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Income tax: the cost of moving to Scotland

Thinking of moving to Scotland from another country in the UK? There are plenty of benefits to working or retiring in Scotland, not least the incredible landscapes and friendly people – but you should keep the tax differences in mind, too.

The Scottish Parliament has been deciding its own income tax bands and rates since 2017, which are separate from those applied in England, Wales, and Northern Ireland.

As a result, most Scottish taxpayers pay more income tax
than other taxpayers in the UK. With new tax changes coming in Scotland from 6th April 2024, it’s important to consider the tax cost before relocating to Scotland.

Income tax rates in Scotland

Those who live in Scotland pay income tax to the Scottish government on their wages, pensions, and other taxable income. The same tax on dividends and savings interest is applicable in Scotland as in the rest of the UK.

While Scotland also has a tax-free Personal Allowance
of £12,570 for annual earnings below £125,140, it has different tax rates with different thresholds than the tax bands used in England, Wales, and Northern Ireland.

Here are the 2024/2025 tax bands and rates in Scotland compared to the rest of the UK:

Tax Band

Annual Income


Rest of UK

Scottish Starter Rate

£12,571 – £14,732


UK Basic Rate

£12,571 – £50,270


Scottish Basic Rate

£14,733 – £25,688


Scottish Intermediate Rate

£25,689 – £43,662


Scottish Higher Rate

£43,663 – £75,000


UK Higher Rate

£50,271 – £125,140


Scottish Advanced Rate

£75,001 – £125,140


UK Additional Rate



Scottish Top Rate



Comparison to UK income tax rates

Scotland is introducing a new ‘Advanced’ tax rate from April 2024, which will charge 5% more than the tax bill for equivalent income in other UK countries.

As the Personal Allowance is tapered off on income between £100,000£125,140, this income band will have a marginal rate of 67.5% compared to 60% elsewhere in the UK.

The Scottish ‘Top’ rate is also increasing from 47%
to 48% this year, compared to the highest rate being 45% in England, Wales, and Northern Ireland.

This means that the tax system in Scotland is tougher on earnings towards the top of the pay scale. For example, someone with an annual income of £100,000 moving to Scotland could see their tax bill increase by almost £3,350.

Towards the middle, someone earning £40,000 a year would see their tax go up by around £110. Whereas lower down the pay scale, someone earning £25,000 annually would be paying more or less the same basic rate.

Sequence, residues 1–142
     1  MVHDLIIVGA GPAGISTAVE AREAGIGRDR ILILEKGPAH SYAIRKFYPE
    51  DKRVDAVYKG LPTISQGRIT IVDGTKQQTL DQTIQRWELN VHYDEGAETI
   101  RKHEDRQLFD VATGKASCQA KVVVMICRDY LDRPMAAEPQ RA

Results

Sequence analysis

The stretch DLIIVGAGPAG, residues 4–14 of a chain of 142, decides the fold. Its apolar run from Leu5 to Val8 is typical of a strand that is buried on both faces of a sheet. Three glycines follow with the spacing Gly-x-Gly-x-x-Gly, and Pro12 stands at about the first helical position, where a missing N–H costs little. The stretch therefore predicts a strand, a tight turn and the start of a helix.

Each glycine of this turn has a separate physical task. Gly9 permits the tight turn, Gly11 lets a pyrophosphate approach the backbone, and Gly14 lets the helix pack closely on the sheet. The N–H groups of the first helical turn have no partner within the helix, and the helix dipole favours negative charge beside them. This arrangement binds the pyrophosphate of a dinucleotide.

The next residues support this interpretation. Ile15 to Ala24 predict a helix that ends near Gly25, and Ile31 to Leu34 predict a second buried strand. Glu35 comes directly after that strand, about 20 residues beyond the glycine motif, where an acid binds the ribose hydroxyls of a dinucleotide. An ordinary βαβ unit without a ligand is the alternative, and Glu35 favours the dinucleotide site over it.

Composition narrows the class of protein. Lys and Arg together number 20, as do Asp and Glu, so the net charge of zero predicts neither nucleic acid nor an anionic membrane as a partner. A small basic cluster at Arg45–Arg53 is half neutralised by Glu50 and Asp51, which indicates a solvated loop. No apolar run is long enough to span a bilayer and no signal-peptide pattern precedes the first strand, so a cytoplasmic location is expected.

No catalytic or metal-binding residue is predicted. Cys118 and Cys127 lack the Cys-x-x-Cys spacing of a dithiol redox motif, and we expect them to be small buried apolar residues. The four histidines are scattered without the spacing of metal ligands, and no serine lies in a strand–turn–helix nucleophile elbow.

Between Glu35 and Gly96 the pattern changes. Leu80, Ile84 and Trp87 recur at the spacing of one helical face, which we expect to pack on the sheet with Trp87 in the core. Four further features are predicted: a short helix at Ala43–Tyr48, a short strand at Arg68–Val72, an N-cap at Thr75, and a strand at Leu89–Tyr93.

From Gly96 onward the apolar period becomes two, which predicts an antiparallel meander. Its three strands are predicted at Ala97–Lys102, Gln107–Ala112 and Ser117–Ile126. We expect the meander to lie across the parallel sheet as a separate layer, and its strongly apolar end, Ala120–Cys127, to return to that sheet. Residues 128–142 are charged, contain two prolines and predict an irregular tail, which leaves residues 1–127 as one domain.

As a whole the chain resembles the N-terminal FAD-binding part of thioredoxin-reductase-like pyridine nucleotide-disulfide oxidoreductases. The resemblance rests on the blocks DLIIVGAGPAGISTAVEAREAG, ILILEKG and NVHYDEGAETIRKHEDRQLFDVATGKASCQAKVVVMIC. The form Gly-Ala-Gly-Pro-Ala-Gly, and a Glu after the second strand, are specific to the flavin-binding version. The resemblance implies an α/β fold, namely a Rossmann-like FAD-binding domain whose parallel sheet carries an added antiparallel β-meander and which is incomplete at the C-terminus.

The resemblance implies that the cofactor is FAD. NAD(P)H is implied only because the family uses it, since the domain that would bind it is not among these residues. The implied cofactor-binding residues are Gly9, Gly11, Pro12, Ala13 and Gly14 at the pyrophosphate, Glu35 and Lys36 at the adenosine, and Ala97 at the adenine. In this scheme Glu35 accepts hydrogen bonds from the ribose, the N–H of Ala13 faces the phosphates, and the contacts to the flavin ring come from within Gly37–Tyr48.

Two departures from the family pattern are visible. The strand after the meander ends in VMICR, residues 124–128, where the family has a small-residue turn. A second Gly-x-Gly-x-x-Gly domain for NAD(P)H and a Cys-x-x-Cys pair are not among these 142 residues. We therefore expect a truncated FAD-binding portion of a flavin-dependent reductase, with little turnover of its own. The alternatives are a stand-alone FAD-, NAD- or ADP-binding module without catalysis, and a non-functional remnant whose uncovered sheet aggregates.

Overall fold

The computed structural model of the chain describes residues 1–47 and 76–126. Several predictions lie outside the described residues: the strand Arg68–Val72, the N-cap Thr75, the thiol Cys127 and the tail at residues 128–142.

Who is considered a Scottish taxpayer?

A person is liable for paying Scottish income tax if they live in Scotland full-time in their primary residence, live in Scotland part-time and stay at another home elsewhere in the UK the rest of the time, or do not have a permanent home but stay in Scotland regularly.

If you spend more time in Scotland than anywhere else during a tax year, even if your main residence is outside of Scotland, then you must pay tax in Scotland for that year.

It might be tricky to determine where your main address is if you have multiple homes – whether you own or rent them or live there for free – or if you travel frequently for work.

This is typically the address where you spend the most time and keep most of your possessions, the place where your family lives (if you have a spouse or civil partner), or the address you use for your accounts with financial or healthcare services.

If HMRC does not have the right address for you on record and you move to or from Scotland, you could be put on the wrong tax code and taxed at the wrong rate.

Get help with UK taxes

A guide to Scottish income tax is available on the government website, with more information on how the tax system works differently in Scotland.

Regardless of where they are in the UK, it’s essential for every earner to make sure they’re on the correct tax code for their income band and aware of how much tax they owe according to their current rate.

Of course, the last thing anyone needs when navigating a move across the UK is to misunderstand their tax situation – so if you need help managing your tax obligations when relocating to Scotland or anywhere else in the UK, get in touch with gbac.

We have a team of knowledgeable accountants in Barnsley who can advise you on UK tax matters – give us a call on 01226 298 298 or email info@gbac.co.uk
to learn more.